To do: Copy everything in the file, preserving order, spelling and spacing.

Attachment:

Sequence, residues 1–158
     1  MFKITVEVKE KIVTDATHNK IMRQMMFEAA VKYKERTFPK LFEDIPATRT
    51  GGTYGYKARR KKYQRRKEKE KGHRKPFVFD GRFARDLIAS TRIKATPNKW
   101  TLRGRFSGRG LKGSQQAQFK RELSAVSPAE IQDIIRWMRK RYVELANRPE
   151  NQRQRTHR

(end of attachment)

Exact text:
Sequence, residues 1–158
     1  MFKITVEVKE KIVTDATHNK IMRQMMFEAA VKYKERTFPK LFEDIPATRT
    51  GGTYGYKARR KKYQRRKEKE KGHRKPFVFD GRFARDLIAS TRIKATPNKW
   101  TLRGRFSGRG LKGSQQAQFK RELSAVSPAE IQDIIRWMRK RYVELANRPE
   151  NQRQRTHR